Are you trying to figure out how to obtain a college degree while working full-time? Many busy adults who try to work and attend college at the same time face this dilemma. Some are taking their first shot at a four-year diploma while others are returning to academia to complete the remaining years of a college career that they left unfinished years ago. Regardless of what your particular situation is, the challenge of holding a job and attending school can seem impossible at first. But the good news is that it’s actually a realistic goal if you plan carefully. Here are some of the key things to keep in mind as you make a plan to get a degree without leaving your current job.
Table of Contents
Make a Detailed Schedule
For so many working students, the solution to the puzzle is a day-by-day plan. Whether you choose to attend in-person or online class sessions, you’ll need to map out every hour of every day, remembering to allow for adjustments as needed. Coursework and homework will typically take up those extra chunks of time at the end of each weekday and during weekends. Most online curricula consist of at-your-own-pace learning, which gives you flexibility to attend classes and lectures when time allows, and to complete homework during remaining blocks of downtime. For example, doing online courses in Australia by industries and locations will provide the convenience you need to study. Besides, it’ll give you the skills to start or expand your career.
Cover Education Costs While Studying
One of the factors that stumps some college-bound adults is expense. What’s the most effective way to get all those education-related costs covered while knee deep in coursework? The answer for so many is a student loan through a private lender. That’s because private funding sources give you the ability to pay for higher education in one move. Then, once all the bills are paid, pupils can focus on what’s most important, their classes. After all, the whole point of going or returning to college is obtaining a diploma and becoming more attractive to hiring managers.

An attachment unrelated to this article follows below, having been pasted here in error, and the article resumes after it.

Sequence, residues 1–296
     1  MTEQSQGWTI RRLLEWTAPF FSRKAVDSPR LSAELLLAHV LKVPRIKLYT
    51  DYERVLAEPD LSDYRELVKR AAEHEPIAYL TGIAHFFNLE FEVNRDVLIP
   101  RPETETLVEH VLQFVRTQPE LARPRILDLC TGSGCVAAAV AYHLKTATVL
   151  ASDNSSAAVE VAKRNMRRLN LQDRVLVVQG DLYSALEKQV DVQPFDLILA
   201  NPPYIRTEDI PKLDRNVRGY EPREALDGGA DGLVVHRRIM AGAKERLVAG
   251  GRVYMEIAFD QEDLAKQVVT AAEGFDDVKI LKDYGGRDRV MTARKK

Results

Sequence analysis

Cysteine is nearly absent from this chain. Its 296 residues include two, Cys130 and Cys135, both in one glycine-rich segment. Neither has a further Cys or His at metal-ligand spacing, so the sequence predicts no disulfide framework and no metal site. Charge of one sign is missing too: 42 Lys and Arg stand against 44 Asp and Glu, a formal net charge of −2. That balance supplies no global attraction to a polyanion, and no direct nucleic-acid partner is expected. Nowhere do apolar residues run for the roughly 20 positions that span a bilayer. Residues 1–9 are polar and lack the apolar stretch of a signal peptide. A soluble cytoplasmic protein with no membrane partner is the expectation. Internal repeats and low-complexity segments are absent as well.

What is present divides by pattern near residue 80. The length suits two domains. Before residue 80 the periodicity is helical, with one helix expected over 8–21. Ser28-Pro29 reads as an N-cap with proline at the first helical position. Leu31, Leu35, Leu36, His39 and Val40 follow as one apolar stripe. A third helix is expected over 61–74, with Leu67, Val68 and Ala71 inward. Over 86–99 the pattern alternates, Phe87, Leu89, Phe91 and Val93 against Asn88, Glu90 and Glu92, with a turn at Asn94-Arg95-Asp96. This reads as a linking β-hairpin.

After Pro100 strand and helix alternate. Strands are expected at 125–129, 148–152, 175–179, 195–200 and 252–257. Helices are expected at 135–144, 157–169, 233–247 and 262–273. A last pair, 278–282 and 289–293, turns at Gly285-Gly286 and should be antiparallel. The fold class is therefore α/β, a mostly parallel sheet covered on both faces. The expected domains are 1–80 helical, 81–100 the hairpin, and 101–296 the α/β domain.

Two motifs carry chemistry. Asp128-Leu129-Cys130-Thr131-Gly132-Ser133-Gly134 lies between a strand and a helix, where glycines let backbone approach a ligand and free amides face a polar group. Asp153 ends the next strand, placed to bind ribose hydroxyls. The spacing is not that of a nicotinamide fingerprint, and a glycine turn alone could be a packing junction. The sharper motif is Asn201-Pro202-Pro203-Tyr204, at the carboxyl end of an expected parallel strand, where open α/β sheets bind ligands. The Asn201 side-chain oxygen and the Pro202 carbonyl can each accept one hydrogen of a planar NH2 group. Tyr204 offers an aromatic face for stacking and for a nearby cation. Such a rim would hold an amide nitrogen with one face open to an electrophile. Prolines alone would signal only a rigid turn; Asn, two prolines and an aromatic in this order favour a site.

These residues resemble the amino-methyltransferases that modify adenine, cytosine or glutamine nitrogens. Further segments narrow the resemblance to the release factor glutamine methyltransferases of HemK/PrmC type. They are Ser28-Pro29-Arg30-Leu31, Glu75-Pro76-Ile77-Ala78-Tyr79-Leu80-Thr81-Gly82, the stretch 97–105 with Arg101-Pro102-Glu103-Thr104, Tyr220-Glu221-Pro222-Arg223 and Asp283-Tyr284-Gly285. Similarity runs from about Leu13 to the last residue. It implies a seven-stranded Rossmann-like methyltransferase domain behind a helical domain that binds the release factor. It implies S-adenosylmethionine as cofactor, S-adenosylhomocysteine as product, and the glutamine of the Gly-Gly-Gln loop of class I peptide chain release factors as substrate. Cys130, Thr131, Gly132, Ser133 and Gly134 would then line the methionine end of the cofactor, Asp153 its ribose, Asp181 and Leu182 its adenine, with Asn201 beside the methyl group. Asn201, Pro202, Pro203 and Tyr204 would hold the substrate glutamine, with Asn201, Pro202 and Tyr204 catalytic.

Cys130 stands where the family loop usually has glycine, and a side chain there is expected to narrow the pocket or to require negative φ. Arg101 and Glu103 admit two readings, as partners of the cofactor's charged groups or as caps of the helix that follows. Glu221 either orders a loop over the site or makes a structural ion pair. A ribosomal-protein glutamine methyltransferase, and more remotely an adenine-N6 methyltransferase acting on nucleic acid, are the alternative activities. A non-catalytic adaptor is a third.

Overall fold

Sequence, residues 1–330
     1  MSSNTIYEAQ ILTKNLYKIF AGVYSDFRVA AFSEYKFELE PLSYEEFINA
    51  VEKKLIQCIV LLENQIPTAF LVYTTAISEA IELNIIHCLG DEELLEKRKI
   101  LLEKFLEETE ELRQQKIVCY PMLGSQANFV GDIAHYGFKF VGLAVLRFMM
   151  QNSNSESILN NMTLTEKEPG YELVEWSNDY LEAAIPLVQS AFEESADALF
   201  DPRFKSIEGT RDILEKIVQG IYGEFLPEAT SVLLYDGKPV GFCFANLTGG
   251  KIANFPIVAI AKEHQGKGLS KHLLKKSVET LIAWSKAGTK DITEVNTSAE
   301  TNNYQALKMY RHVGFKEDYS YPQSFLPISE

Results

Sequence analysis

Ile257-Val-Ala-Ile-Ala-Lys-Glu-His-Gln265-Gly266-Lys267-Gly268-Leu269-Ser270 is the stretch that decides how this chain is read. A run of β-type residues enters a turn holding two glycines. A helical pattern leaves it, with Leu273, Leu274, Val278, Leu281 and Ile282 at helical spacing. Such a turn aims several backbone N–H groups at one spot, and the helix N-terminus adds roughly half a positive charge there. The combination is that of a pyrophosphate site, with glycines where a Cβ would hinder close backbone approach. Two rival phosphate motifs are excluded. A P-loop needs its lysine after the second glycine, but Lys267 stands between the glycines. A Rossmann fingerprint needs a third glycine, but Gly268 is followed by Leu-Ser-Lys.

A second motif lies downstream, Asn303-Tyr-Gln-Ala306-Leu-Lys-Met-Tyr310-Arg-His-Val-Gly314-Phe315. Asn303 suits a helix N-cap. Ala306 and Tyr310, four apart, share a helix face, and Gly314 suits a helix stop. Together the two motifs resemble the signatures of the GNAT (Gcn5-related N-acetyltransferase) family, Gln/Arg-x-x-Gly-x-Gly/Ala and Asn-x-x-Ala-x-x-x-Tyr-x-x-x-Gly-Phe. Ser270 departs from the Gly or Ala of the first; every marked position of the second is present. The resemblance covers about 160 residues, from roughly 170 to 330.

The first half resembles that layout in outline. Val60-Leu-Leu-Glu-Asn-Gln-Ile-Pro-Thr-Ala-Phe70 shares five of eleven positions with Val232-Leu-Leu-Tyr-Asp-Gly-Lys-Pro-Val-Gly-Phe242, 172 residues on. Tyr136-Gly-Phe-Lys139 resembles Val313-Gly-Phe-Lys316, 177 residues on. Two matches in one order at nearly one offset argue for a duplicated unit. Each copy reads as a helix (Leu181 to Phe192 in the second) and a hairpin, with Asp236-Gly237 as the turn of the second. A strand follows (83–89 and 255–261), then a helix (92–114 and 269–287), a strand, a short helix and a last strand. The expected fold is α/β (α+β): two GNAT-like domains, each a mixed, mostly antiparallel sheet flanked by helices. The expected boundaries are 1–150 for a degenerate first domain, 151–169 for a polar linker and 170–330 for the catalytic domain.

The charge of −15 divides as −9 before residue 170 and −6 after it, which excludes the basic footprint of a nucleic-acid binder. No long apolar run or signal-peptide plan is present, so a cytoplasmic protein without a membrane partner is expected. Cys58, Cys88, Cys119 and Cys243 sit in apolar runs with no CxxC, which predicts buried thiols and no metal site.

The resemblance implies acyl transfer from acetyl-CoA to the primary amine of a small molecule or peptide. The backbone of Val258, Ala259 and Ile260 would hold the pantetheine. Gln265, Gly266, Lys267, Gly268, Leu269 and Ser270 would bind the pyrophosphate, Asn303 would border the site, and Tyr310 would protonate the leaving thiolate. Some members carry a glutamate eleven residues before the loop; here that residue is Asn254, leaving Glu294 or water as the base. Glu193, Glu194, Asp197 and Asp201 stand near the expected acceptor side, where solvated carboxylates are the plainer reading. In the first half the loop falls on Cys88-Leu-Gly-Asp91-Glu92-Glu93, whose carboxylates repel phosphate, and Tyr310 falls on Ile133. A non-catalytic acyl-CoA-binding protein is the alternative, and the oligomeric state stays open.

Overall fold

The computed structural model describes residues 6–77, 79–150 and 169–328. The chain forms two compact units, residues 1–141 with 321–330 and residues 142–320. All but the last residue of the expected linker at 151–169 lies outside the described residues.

Speak With a Faculty Advisor
Your best resource for information about how to create a realistic schedule is a faculty advisor. Professionals who are also full-time or part-time degree candidates can get helpful advice from advisors who have dealt with hundreds of other people in the same situation as yours. Ask about the suggested amounts of time to spend on each course, how many hours to study for semester exams, what’s the best order in which to take a series of required classes within your major, and how long other working students take to complete all degree requirements.
Include Free Time in the Schedule
Be careful not to fall into all work and no play trap. Even if you discover that there are only a few open hours per week, make it a point to plan fun activities for yourself, or find easy ways to schedule self-care into pockets of free time. Try to create a mix of outings, like movies and sporting events, and rest periods, like weekend afternoons at a swimming pool or taking a well-deserved nap. Additionally, include regular exercise to keep yourself in decent physical health. Consider short walks, swimming, and sports you enjoy.